Feb 15, 2016

21st Feb 2016; Robert Bresson's AU HASARD BALTHAZAR

Au Hasard Balthazar
A film by Robert Bresson
1966/ France/ 95 minutes
21st Feb 2016/ 5.45 p.m / Peks mini theater

Great French master Robert Bresson is one of the saints of the cinema, and "Au Hasard Balthazar" (1966) is his most heartbreaking prayer. The film's title character/protagonist is a donkey -- not a humanoid, Disney donkey but a realistic animal who, in the film's opening sequence, is adopted by three young children in rural southern France and "baptized" in their own makeshift religious ceremony.

Balthazar is a farm animal - a donkey - born into a life of servitude: a beast of burden destined to work the land, carry bales of hay and provide occasional transportation. His harsh, often exploited existence is paralleled through the life of Marie, a reticent young woman whose father has been asked to maintain a friend's farm. The owner's son, Jacques, returns to the farm to profess his support for Marie's father, whose reputation has been ruined by  debt and rumors surrounding the ownership  of the farm. Jacques is devoted to Marie, but Marie is drawn to Gerard, a cruel young man. Meanwhile Balthazar's ownership passes hands to a baker and to Gerard and so on.

French new wave  film maker Godard’s famous claim that Au hasard Balthazar is “the world in an hour and a half” suggests how dense, how immense Bresson’s brief, elliptical tale about the life and death of a donkey is. The film’s steady accumulation of incident, characters, mystery, and social detail, its implicative use of sound, offscreen space, and editing, have the miraculous effect of turning the director’s vaunted austerity into endless plenitude, which is perhaps the central paradox of Bresson’s cinema. So concentrated and oblique is Balthazar, it achieves the density, to extend Godard’s metaphor just a little, of an imploded nova.

Au Hasard Balthazar is a haunting, subtly disturbing, and thematically uncompromising portrait of man's innate cruelty and destructive impulses. Through the transfiguration of a mistreated animal as an allegorical symbol of virtue, purity, and redemption, Robert Bresson creates a visually spare and indelible film of startling intensity: the symbolic image of Marie, Gerard, and Balthazar in the snow; the framed shot of a humiliated Marie against the back closet of the farmhouse; the final, sublime shot of Balthazar with the grazing sheep. Alone in the countryside, wandering and without direction, Balthazar finds a place of peace...his sanctuary. (Source: Internet)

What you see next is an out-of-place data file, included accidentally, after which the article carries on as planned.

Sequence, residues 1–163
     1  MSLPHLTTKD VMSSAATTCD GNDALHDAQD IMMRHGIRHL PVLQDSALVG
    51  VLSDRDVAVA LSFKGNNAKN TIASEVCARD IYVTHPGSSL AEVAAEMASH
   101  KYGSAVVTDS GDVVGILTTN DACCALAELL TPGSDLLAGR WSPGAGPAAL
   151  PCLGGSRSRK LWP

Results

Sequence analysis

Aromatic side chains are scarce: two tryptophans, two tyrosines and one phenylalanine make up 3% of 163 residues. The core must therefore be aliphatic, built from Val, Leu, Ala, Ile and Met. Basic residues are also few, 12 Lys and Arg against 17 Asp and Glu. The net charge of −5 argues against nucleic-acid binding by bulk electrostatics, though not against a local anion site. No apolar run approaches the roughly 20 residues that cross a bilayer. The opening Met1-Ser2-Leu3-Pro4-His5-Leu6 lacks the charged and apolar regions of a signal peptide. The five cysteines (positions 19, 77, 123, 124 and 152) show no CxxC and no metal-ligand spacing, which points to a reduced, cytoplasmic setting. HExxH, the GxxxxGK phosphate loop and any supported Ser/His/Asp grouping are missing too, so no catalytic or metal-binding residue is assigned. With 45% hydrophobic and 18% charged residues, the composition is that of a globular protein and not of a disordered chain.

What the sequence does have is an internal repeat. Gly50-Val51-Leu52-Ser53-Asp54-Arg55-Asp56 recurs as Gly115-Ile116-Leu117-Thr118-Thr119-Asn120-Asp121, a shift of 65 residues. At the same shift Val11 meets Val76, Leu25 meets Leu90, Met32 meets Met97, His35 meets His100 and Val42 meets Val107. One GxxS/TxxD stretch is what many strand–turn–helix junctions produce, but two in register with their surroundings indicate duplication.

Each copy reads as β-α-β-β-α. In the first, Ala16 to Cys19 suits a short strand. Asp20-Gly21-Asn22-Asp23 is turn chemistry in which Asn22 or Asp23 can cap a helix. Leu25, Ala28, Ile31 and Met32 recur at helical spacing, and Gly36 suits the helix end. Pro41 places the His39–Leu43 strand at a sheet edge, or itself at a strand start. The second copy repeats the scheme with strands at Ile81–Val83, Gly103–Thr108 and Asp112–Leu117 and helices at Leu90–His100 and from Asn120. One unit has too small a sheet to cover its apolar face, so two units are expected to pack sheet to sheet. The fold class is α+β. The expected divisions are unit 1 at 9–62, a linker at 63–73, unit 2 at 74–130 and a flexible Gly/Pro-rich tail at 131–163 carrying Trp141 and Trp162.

Robert Bresson 

Robert Bresson’s 13 features over 40 years constitute arguably the most original and brilliant body of work over a long career from a film director in the history of cinema. He is the most idiosyncratic and uncompromising of all major filmmakers, in the sense that he always tried to create precisely what he wanted without surrendering to considerations of commerce, audience popularity, or people’s preconceptions of what cinema should be. And although it might be argued that his venture into colour from Une Femme douce (1969) onwards was probably against his better judgement, he shows mastery in its use.

Born in central France and educated in Paris, Bresson’s early ambition was to be a painter. He ventured into filmmaking with the short Les Affaires publiques (1934). a satire with nods to Clair and Vigo, which was rediscovered in the 1980s after being thought lost. After a year or so as a prisoner-of-war he was approached by a Paris priest with a proposal for a film about the Bethany order of nuns, which became Les Anges du péché (1943). His next feature was also made during the Occupation, and filmmaking had by then definitely supplanted painting. The confusion over his date of birth, symbolic perhaps of his reclusive nature, caused reviewers of his final filmL’Argent (1983) to marvel over how a man "in his late 70s" or alternatively "in his 80s" could show such youthful exuberance in his filmmaking.

A critic once wrote that Mizoguchi’s Sansho Dayu (1954) "is one of those films for whose sake the cinema exists". For many of us, the same can be said of the work of Robert Bresson.

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